Thursday, July 1, 2010

Review: Carrie Ryan, The Forest of Hands and Teeth

***Contains some vague spoilers***

Page count: 336
Publisher: Random House: Delacorte
Pub date: March 10, 2009

I'm just gonna cut to the chase here: I was pretty disappointed by this book. Basically the only thing it had going for it was the action. It was definitely a very suspenseful read. But was it original? No. Was it well written? No. Were the characters well developed? No. Were they at least likable? Not really.

The zombie idea, like the vampire one, has been done a zillion times before. That's not to say there's no room for further creativity and originality in the genre (obviously, or people wouldn't be devouring so many of these books!)...but Carrie Ryan doesn't manage that here. This whole concept of a futuristic world where humans are on the verge of extinction, and society is run by a small, mysterious group of religious or political extremists who keep hidden from everyone the true history of How Things Got to Be So Effed Up, has been done a hundred times before, and much more skillfully, too (see Brave New World, The Handmaiden's Tale, Fahrenheit 451, The Giver, or The Hunger Games, to name a few). If you're going to succeed in this overpopulated genre, something needs to stand out; there need to be some redeeming qualities.

For example, you could have a really strong, vivid protagonist, someone who has flaws, but struggles convincingly to overcome them, to do the right thing...someone who is both complex and likable (i.e. Katniss). Mary, heroine of The Forest of Hands and Teeth, is neither complex nor likable, although she is definitely flawed. For one thing, she's extremely selfish. From the first page to the last, she consistently puts her own desires and whims before everything else, even when it leads to the heartbreak, death, and zombie-hood of her closest friends and family. Also, she's a total flake. The only thing constant about her is her selfishness. Throughout the book, she keeps changing her mind on these life-altering issues: "I'm going to marry Harry and live comfortably. Actually, I'm joining the sisterhood. No, I can't, I love Travis! Wait, Travis is engaged to my best friend, I can't do this! Yes, I can, I have to! Slash...I kind of miss Harry! Wait, there has to be more to life than romance, I want to see the ocean!" There's really no apparent reason why she keeps changing her mind...these fluctuations are not grounded in anything; they show no evolution of character. They are basically just whims...something to keep us turning the pages, I guess.

The secondary characters were also pretty flat. The love triangle between Mary, Harry (her betrothed), and Travis (Harry's brother) left me cold. The brothers do not seem like separate individuals; they have the exact same voice and seem to basically cherish the same things (Mary). As far as I could tell, the only real distinction between the brothers is that Harry apparently has white, fleshy hands, whereas Travis's hands are sexy and calloused. Clearly, then, Travis is the one for her!

As for the writing...the story is told from Mary's perspective in the present tense. I've noticed that first person, present tense POV's often come off as a little pretentious if the author isn't careful...the writing has a tendency to take itself too seriously. I guess the idea is that if one writes in the present tense, the urgency of it all--the mystique!--will persuade the reader that what's being said is really, vitally important, even if there's actually nothing there. Ryan writes in short, choppy, angst-ridden, annoyingly redundant prose that is littered with fragments. Here's an exaggerated example (of my own rendering, *not* by Carrie Ryan) of a typical inner monologue by Mary:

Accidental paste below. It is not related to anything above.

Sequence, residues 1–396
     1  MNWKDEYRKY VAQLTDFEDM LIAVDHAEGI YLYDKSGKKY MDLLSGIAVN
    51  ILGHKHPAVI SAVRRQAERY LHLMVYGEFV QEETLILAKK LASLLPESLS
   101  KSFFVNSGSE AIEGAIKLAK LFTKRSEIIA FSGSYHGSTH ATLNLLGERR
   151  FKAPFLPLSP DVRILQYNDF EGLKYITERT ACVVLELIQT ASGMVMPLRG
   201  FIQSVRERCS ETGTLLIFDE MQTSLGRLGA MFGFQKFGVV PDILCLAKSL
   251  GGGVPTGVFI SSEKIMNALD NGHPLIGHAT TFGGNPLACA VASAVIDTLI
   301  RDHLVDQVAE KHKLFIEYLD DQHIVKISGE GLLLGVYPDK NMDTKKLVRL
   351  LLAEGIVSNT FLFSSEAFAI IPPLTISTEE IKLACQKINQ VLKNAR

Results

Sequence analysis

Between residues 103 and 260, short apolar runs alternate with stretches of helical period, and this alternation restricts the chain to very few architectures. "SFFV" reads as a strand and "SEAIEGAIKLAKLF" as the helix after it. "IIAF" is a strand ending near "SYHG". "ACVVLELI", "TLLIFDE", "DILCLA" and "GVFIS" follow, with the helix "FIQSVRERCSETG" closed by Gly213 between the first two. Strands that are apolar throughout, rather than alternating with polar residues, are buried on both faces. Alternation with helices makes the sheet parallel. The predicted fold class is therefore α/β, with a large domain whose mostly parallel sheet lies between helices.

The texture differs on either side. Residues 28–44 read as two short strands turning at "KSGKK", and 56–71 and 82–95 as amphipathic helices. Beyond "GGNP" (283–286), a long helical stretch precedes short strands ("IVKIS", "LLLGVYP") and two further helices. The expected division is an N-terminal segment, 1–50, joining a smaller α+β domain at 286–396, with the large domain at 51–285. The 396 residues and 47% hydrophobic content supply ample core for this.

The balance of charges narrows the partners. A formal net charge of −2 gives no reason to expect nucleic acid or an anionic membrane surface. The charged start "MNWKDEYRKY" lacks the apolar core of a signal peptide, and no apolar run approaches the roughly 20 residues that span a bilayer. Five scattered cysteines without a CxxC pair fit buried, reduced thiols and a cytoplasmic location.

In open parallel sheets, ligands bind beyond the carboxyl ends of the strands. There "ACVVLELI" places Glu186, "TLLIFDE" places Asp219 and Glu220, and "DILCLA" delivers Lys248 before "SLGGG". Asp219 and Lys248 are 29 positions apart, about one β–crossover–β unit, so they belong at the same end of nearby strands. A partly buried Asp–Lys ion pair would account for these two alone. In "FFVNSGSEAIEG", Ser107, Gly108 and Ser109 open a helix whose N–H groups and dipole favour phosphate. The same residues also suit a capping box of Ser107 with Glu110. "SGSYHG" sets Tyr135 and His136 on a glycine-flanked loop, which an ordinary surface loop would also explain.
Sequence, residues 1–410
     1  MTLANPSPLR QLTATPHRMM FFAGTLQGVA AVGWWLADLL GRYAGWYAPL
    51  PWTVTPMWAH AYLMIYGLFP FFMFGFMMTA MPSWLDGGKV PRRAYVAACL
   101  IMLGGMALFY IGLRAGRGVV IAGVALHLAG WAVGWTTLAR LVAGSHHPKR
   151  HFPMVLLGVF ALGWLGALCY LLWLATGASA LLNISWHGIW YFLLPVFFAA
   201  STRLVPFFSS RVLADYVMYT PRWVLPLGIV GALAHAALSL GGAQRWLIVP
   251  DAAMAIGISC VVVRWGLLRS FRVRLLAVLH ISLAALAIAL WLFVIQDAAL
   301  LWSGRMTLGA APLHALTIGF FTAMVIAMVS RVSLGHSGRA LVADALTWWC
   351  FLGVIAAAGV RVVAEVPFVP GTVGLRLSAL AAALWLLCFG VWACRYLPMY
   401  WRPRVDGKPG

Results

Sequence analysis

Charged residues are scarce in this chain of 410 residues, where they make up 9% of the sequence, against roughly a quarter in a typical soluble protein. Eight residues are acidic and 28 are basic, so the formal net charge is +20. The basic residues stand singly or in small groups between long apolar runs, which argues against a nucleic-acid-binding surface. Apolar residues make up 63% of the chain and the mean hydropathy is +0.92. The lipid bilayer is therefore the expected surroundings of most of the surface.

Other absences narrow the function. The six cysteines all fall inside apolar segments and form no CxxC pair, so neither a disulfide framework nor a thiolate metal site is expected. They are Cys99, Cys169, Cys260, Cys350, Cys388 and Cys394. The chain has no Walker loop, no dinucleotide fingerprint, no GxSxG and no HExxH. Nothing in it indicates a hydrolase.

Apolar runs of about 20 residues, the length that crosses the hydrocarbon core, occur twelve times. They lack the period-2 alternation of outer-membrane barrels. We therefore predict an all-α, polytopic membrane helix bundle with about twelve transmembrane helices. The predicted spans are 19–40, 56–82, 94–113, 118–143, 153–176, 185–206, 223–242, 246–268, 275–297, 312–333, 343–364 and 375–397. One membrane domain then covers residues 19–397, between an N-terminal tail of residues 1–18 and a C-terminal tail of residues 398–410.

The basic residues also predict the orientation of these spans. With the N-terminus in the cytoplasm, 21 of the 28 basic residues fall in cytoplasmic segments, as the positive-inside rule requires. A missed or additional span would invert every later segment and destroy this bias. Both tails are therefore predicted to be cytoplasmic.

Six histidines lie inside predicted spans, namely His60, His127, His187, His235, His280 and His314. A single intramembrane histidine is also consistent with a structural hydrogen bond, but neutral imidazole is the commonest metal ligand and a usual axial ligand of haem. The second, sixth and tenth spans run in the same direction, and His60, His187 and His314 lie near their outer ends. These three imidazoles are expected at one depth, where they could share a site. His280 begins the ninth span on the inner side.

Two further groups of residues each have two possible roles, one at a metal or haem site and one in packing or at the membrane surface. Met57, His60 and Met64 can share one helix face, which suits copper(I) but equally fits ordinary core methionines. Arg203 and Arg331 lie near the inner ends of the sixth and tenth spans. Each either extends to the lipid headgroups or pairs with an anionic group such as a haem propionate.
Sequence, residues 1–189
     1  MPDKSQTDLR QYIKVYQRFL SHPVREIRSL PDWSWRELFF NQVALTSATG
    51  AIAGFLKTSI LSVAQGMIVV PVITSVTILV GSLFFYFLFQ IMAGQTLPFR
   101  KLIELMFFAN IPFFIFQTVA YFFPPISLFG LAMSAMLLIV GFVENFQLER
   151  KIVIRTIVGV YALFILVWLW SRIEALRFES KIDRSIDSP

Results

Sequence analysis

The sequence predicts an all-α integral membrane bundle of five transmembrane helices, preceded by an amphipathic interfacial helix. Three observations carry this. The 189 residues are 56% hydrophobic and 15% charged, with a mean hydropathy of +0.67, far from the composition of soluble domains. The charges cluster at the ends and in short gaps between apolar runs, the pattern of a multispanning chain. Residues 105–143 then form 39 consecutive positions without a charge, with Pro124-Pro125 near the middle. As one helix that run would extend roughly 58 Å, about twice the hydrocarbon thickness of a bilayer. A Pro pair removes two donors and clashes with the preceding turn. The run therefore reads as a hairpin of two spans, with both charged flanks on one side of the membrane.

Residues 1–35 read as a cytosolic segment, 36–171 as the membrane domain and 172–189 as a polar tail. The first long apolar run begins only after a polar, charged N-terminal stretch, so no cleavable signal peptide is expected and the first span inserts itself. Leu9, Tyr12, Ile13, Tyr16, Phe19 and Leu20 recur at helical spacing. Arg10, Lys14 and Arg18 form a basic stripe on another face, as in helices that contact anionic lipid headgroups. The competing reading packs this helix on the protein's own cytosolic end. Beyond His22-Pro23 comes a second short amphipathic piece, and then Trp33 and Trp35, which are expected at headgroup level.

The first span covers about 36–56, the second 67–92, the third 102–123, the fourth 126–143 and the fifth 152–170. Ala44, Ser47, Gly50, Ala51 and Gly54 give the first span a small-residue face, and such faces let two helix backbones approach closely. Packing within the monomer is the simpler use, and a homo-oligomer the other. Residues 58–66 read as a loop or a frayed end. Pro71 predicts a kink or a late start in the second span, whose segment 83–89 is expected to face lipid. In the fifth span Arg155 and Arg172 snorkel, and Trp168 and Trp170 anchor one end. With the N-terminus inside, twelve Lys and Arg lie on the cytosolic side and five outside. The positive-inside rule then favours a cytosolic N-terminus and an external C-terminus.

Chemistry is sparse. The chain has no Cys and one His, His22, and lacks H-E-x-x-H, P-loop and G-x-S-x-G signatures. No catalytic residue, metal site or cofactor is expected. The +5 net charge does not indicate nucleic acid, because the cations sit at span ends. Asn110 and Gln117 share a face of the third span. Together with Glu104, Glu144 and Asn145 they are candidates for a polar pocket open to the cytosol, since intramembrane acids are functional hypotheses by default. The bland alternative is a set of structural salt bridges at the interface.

Sitting there beside Travis, I feel frightened. Scared. Scared for Travis. Scared for me. Scared that I'll never touch his calloused, manly hands again. Scared of the passion building up within me. The fire of it. Then, suddenly, an image of Harry pops into my mind. Harry, laughing, like when we were kids. Harry holding my hand. Harry holding my hand tightly. Leading me through the fields. I feel a warm comfort. A feeling of safety. Of security. Maybe Harry is the one for me? But then, I remember my mother, and the stories of the ocean. The ocean! How it was so endless. How it didn't end. So vast. So big and full of water! Travis is bleeding to death on the bed beside me. Blood running everywhere. Real bloody. But I know what I have to do. The journey I have to take. Goodbye Travis. Goodbye Harry. HELLO, OCEAN!

Ok, I realize this has been a pretty scathing review so far, perhaps more so than I originally intended when I began. So I will briefly talk about some of the things I liked. Despite my irritation with the unoriginality, the flat characters, and the pretentious writing style, the book really was extremely suspenseful, even scary at times (as zombie novels tend to be). I read most of it in one sitting because I had to find out what happened. One other positive feature was the darkness of it. The mood throughout was extremely grim, and that does take some skill.

2.5 stars

You might prefer:
Suzanne Collins, The Hunger Games
Scott Westerfeld, Uglies
Lois Lowry, The Giver

1 comment:

  1. I just had to keep reading too! Thanks for the comment on my review, you actually said some of the things I was trying to better.